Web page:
State Auditor Releases Report on Youth Suicide Prevention Efforts

This week, California State Auditor Elaine Howle released an audit report on youth suicide prevention efforts at a selection of school districts and chart schools, as well as the role of state agencies in youth suicide prevention. As indicated by the state auditor, from 2009 through 2018, the annual number of youth suicides (ages 12-19) increased 15 percent and incidents of self-harm increased 50 percent. The report describes how school personnel are well-positioned to recognize warning signs of suicide and self-harm risks and make appropriate referrals for assistance.

The auditor recommends local education agencies implement appropriate suicide prevention policies, train faculty and staff to recognize and respond to youth who are at risk of suicide or self-harm, and employ an adequate number of professionals, such as school counselors, who can provide mental health services. The auditor determined the schools reviewed in the report failed to adopt policies and provide training that meet requirements of state statute relative to suicide prevention activities. Further, it was determined that none of the 1,034 local education agencies that submitted personnel information to the California Department of Education (CDE) did not employ an adequate number of mental health professionals in schools, failing to meet CDE staffing ratio recommendations.

The report additionally reviews the availability of school-based health centers throughout the state, determining only four percent of California’s kindergarten through 12th grade students attended a school with a school health center. The auditor concludes the state has done little to foster broader implementation of school health centers which could improve access to youth mental health services.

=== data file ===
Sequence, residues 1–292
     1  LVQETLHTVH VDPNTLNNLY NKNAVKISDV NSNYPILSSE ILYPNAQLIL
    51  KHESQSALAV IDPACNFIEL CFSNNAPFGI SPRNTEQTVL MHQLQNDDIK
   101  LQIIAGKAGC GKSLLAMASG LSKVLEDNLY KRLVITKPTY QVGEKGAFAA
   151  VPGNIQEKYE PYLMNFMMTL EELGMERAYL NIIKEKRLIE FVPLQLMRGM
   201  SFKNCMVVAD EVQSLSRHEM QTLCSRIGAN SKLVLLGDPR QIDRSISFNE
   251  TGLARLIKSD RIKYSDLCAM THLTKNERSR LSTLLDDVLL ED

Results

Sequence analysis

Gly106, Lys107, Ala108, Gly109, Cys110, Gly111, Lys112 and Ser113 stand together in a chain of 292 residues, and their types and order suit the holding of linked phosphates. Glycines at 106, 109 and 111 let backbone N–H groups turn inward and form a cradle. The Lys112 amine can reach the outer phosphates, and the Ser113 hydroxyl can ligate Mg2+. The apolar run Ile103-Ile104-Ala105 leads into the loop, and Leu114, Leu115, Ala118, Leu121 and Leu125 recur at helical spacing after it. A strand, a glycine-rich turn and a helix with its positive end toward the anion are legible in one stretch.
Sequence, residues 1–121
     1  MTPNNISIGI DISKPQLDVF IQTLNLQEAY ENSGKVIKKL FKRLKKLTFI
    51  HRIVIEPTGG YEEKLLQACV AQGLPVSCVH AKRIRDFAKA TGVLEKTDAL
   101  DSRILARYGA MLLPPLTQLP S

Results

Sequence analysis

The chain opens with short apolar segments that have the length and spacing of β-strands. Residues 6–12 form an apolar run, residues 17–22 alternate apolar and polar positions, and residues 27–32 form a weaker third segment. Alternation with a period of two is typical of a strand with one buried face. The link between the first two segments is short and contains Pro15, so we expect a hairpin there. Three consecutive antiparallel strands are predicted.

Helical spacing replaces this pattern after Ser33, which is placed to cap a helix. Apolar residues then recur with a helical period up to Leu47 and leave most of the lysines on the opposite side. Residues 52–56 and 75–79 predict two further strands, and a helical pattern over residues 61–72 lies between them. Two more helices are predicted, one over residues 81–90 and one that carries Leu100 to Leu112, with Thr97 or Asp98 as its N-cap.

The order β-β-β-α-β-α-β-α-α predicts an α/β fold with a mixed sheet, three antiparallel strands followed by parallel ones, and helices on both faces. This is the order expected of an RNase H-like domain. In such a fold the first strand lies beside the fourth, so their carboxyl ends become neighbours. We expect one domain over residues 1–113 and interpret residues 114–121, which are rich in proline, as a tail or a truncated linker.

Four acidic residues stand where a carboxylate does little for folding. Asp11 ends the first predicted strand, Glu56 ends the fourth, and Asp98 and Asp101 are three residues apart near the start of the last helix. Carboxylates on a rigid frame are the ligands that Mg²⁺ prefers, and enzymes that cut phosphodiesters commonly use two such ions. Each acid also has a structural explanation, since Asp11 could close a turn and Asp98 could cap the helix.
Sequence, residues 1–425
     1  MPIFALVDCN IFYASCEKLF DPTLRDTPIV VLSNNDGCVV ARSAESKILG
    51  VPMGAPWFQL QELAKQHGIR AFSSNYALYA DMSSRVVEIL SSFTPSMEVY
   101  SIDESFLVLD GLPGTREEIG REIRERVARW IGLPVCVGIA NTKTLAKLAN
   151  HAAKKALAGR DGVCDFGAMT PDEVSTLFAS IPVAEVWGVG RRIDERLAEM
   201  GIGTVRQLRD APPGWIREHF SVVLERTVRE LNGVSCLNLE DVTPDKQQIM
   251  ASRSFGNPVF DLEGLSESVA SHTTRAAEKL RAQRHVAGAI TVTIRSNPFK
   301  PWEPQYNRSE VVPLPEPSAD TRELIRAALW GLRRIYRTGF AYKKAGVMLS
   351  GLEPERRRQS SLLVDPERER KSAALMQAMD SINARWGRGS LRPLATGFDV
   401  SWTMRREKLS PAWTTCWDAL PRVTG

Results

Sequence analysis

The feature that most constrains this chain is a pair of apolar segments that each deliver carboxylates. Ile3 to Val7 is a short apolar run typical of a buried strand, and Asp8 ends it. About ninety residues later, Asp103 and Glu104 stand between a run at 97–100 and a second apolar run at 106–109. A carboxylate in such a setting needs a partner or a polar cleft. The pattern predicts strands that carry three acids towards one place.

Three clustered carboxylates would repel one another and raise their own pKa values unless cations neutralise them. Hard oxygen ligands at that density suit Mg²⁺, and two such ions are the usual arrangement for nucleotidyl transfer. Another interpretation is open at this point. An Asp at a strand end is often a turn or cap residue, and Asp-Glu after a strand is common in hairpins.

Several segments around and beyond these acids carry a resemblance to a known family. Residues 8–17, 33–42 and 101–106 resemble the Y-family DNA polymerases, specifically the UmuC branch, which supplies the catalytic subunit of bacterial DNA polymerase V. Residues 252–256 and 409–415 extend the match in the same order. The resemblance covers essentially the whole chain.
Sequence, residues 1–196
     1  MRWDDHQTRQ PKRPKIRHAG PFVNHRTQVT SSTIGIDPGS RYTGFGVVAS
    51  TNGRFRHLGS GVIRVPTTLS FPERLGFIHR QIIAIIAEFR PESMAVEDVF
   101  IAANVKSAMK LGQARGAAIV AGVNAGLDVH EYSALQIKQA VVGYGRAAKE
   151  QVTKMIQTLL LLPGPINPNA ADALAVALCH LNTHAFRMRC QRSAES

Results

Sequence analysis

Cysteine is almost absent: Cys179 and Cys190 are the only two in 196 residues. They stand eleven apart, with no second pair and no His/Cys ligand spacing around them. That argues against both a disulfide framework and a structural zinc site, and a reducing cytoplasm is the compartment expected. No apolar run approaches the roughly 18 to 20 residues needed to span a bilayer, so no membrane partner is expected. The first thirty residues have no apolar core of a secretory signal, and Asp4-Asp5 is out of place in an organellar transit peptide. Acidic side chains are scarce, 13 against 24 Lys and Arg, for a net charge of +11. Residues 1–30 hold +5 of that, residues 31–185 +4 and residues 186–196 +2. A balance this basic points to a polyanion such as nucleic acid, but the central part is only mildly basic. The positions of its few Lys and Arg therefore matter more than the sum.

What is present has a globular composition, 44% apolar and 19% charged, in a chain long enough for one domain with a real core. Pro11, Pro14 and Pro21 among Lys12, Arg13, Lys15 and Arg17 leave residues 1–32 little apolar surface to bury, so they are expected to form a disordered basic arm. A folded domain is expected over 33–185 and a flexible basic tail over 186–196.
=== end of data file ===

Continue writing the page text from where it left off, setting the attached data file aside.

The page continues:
Further, the auditor discusses a 2007 statutory requirement for the California Department of Public Health (CDPH) to establish a program to support the development of school health centers. As of July 2020, however, CDPH had not established the support program, determining that the $1.2 million across two fiscal years (FY 2016-17 and 2017-18) provided to CDPH by the Legislature was insufficient to establish a full program. The auditor determined CDPH has not requested additional funding for the program and that a robust support program could assist local education agencies in creating school health centers and enabling them to better leverage available funding to improve student access to mental health services. In responding to the auditor’s findings, CDPH indicated the department will evaluate resources necessary to establish and implement the support program as required by statute.

The Department of Health Care Services (DHCS) is recommended to work with the California Department of Education to inform local education agencies of their ability to partner with county offices of education to centralize administrative responsibilities necessary to obtain reimbursement through the billing option program for certain mental health services provided by schools. DHCS indicated their intent to implement the auditor’s recommendations.

The full state auditor report is available here.